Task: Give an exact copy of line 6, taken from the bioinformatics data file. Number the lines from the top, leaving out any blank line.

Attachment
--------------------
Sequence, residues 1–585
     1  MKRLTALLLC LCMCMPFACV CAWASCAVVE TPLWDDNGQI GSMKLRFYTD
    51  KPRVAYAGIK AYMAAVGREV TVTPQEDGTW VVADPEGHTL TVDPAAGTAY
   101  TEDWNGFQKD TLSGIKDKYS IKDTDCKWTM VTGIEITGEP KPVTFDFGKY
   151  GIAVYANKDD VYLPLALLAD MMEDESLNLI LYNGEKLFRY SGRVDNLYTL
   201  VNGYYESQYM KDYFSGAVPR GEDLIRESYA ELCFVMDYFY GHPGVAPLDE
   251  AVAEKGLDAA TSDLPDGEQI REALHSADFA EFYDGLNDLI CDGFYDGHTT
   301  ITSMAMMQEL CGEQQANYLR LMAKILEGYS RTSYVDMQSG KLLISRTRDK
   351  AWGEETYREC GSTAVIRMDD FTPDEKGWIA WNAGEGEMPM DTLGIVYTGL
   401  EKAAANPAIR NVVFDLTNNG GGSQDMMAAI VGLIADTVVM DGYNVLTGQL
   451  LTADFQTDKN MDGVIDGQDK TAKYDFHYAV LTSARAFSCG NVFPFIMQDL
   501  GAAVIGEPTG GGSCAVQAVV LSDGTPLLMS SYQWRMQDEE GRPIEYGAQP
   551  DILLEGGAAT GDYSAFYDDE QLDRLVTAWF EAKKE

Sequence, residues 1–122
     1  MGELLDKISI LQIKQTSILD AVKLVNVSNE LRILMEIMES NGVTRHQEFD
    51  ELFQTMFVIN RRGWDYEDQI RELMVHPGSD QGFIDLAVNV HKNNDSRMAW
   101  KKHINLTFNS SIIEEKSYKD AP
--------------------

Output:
   201  VNGYYESQYM KDYFSGAVPR GEDLIRESYA ELCFVMDYFY GHPGVAPLDE